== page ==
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Cyberbullying: Warning Signs for Parents and Providers

 

In a simple black and white video on YouTube, a girl tells her story in hand-written flash cards against a soundtrack of somber piano. The first card she holds says, “Hello!” in girlish writing, the exclamation point dotted with a heart. The girl only shows part of her face, letting her cards tell her story, but she looks like she’s smiling at first. Over the next eight minutes, though, she details her “never-ending story” of abuse, betrayal, stalking and shame at the hands of her peers - her cyberbullying story. As the video draws to a close, she laments, “I have nobody…I need someone.” Less than a month after posting the video, a month before her sixteenth birthday, Amanda Todd would take her own life.

 

 

Bullying – the act of using force, threat or coercion to abuse, control or isolate another person – has been around since the dawn of time, but cyberbullying is a new and rapidly growing threat. Quite simply, cyberbullying is bullying-by-electronic-device and can include posting rumors about a person, making threats, posting photos, revealing victims' personal information and more. The ease and anonymity of cyberbullying make it more common than “traditional” forms of bullying – and much more dangerous. In a 2015 paper published by the Cyberbullying Research Center, authors Samir Hinduja, PhD and David Patchin, PhD found that 34 percent of middle schoolers reported being a victim of some form of cyberbullying, and 15 percent reporting being the perpetrator of cyberbullying. The authors also found that cyberbullying victims were 1.9 times more likely and cyberbullying offenders were 1.5 times more likely to have attempted suicide than those who were not cyberbullying victims or offenders.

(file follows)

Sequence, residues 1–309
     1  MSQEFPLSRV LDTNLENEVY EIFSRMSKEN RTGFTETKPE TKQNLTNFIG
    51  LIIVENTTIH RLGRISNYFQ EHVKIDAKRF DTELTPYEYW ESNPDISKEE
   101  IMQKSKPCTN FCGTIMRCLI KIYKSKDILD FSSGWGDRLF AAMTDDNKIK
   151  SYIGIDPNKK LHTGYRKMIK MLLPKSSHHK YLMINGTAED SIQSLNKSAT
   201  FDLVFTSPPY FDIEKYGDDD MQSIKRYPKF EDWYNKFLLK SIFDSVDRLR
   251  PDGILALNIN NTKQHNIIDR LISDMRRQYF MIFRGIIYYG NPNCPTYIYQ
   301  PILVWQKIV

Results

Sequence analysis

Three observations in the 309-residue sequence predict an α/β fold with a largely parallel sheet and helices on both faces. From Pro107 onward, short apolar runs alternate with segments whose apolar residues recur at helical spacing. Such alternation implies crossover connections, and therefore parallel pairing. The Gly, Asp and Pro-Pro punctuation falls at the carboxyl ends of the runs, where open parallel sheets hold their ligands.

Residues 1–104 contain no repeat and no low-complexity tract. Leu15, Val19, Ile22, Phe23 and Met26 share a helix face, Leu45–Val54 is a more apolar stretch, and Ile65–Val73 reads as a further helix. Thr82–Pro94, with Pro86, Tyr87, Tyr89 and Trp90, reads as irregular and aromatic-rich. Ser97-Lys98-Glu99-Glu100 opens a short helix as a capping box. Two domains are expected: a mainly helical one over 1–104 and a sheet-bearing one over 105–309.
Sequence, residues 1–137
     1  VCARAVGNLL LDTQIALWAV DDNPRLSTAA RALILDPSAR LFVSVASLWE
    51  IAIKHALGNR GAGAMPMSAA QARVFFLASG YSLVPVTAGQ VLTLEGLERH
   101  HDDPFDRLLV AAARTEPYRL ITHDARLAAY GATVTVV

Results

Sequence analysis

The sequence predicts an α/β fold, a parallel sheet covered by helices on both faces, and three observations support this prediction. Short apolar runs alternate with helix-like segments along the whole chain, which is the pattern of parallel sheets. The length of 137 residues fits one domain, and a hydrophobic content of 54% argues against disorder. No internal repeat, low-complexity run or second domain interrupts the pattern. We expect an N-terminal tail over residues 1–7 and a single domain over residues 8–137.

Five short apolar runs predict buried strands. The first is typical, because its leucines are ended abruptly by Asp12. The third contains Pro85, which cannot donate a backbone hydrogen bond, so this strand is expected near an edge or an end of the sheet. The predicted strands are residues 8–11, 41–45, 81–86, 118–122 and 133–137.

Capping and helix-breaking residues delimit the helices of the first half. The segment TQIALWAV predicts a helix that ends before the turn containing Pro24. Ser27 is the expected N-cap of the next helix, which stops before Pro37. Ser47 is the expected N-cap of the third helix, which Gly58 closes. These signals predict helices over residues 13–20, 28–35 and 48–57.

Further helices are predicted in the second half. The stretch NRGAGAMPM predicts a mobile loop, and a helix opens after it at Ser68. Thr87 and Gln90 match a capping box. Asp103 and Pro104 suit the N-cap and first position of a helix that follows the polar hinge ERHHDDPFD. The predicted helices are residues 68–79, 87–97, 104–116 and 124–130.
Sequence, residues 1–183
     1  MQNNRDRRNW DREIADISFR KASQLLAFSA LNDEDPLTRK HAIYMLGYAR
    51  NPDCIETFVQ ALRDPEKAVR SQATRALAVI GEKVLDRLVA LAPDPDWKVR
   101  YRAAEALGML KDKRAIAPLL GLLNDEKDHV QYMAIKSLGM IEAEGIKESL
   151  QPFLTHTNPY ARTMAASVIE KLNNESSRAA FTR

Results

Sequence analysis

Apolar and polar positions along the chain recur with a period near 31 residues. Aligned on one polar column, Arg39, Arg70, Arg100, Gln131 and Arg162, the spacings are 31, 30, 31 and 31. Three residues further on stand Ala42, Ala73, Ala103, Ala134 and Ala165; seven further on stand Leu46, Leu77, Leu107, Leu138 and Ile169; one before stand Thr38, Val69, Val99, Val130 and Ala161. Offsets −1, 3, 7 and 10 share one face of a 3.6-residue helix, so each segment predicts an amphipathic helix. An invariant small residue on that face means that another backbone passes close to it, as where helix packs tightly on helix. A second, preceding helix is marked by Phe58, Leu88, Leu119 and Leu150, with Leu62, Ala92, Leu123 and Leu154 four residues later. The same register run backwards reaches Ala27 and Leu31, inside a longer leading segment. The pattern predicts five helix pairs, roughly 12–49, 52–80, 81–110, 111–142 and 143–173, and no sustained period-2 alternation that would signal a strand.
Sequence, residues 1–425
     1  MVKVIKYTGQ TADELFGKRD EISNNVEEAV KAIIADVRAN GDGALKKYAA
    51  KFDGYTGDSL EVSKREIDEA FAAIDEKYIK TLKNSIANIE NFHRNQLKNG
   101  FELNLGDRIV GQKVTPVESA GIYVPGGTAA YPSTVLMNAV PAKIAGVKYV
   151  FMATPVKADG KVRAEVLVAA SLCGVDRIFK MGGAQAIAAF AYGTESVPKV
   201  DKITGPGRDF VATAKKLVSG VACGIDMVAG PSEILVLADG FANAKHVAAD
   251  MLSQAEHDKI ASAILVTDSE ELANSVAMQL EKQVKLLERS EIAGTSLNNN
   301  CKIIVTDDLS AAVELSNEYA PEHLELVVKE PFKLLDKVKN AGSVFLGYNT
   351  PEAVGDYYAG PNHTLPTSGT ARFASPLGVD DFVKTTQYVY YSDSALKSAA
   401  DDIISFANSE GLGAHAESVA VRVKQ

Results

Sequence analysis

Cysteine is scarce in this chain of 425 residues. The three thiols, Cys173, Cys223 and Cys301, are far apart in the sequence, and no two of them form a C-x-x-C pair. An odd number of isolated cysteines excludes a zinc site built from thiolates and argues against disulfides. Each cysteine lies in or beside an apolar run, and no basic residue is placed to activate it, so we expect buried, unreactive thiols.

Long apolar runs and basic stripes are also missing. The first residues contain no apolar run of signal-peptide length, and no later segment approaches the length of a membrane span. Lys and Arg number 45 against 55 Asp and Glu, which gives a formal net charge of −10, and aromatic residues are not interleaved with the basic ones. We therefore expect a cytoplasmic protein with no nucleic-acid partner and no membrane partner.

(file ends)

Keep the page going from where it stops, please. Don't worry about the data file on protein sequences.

Cyberbullying is not only growing in prevalence, but many adolescents who experience it don’t report it. Hinduja and Patchin provide some warning signs that might indicate a child is engaged in bullying, but also caution that not all youth who are cyberbullied or who cyberbully others will display these signs, and some who do show these signs may have other problems in their lives that should be addressed. Parents and caregivers should take the time to investigate further if they see any of these red flags:

 

A child may be a target of cyberbullying if he or she:

 

  • unexpectedly stops using their device(s)
  • appears nervous or jumpy when using their device(s)
  • appears uneasy about going to school or outside in general
  • appears to be angry, depressed or frustrated after going online (including gaming)
  • is oversleeping or not sleeping enough
  • becomes abnormally withdrawn from usual friends and family members
  • shows increase or decrease in eating
  • seems regularly depressed
  • makes passing statements about suicide or the meaninglessness of life
  • loses interest in the things that mattered most to them
  • avoids discussions about what they are doing online
  • frequently calls or texts from school requesting to go home ill
  • desires to spend much more time with parents rather than peers
  • becomes unusually secretive, especially when it comes to online activities

 

Your child may be cyberbullying others if he or she:

 

  • quickly switches screens or hides their device when you are close by
  • uses their device(s) at all hours of the night
  • gets unusually upset if they can’t use their device(s)